Updated as of 12:29 a.m. on May 23 to include additional photos.

If a 1971 Volkswagen Beetle progressed at the rate of technology today, the car could drive a million miles per hour, Andre Valcour, the graduate commencement address speaker, said. Valcour said because of how quickly technology is progressing, the only way to keep up is to continue aspiring to learn.

Held on May 22, the commencement ceremony recognized graduates of Elon’s six graduate programs — masters of science in accounting and in business analytics, master of business administration, masters of arts in interactive media and higher education and master of education. 

Valcour serves as the vice president and laboratory director for the center for esoteric testing and discipline director of allergy, coagulation and endocrinology at Labcorp. Valcour graduated with an MBA from Elon’s business school in 2014, and before he went to Elon, he reached out to the CEO at esoteric testing for advice.

Erin Martin | Elon News Network
Elon School of Communications Dean Kenn Gaither presents master's student Andrew Dryfoos, who graduated with a Master of Arts in Interactive Media, with his hood at the graduate commencement ceremony on the evening of May 22.

“I believe one of the most fulfilling things I've ever done in my life is get my MBA at Elon University,” Valcour said during the event. “I hope you feel similarly. I would not have reached this milestone had it not been for taking a risk and reaching out to someone I didn't know that I admired for advice and support.”

With the rate of change, it is no longer appropriate to ask a child what they want to be when they grow up, he said — referencing Thomas Friedman, a political commentator and author. Instead, Vaclour said people should be asking how they want to be. 

“Will you have an agile adult learning mindset?” Valcour said during the event. “Will you be inspired to lifelong learning?”

Valcour charged the graduates to effect positive change and most importantly — to not lose their moral compasses.

“My father-in-law, rest his soul, used to say, ‘People can take your car, they can take your home. They cannot take your integrity from you; to lose it you have to give it away,’” Valcour said during the event.

Chazz Harley graduated with a master of science in business analytics. Harley said graduating with a master’s degree after completing his undergraduate degree at Elon the year before meant a lot to him.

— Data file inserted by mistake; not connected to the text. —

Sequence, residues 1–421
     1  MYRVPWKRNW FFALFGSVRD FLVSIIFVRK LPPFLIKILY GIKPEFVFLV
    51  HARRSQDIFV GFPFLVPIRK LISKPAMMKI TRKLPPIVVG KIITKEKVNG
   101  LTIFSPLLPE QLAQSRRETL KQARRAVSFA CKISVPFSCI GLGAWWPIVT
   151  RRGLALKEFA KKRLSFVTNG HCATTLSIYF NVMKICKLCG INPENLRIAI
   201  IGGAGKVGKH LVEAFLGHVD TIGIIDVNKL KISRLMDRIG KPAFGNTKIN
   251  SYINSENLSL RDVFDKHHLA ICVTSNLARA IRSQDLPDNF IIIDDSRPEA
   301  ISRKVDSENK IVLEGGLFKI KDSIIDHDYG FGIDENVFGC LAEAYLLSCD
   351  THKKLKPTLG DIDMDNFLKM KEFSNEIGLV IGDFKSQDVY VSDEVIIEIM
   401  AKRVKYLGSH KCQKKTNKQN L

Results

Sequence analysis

“Completing my masters has helped me a lot in the job force and when I’m looking for jobs,” Harley said. “It’s a big moment for me today.”

Steven Gyan G’24 was the first in his family to travel to the United States from Ghana and receive a higher degree. The highest education both of his parents received was at a middle school level, leaving Gyan to figure out his academics on his own, he said. 

Moving to a new country without familial help presented some challenges. Gyan did not know about the lack of public transportation in Elon, faced differences in weather and food — and when he first booked his flight to Burlington, he ended up accidentally booking a flight to Burlington, Vermont.

“My time at Elon has broadened my horizon,” Gyan said during the event. “Allowed me to learn about the world vastly different from my own, professionally grown and in ways across both the U.S. and the African continent.”

Gyan challenged the graduates to embrace their own, possibly unknown, future. Drawing inspiration from the small steps that are known can create clarity, he said. 

“This initial, perhaps naive, concept of the future has instilled in me a commitment to continuous learning, constantly seeking mentorship and advice from friends, family and colleagues,” Gyan said during the event. “Most importantly, it has empowered me with a freedom to act proactively.”

With this freedom, graduates can overcome imposter syndrome and become willing to experiment, Gyan said. 

“We are on the verge of creating our futures,” Gyan said during the event. “We are all having the opportunity to shape the world that we will inherit.”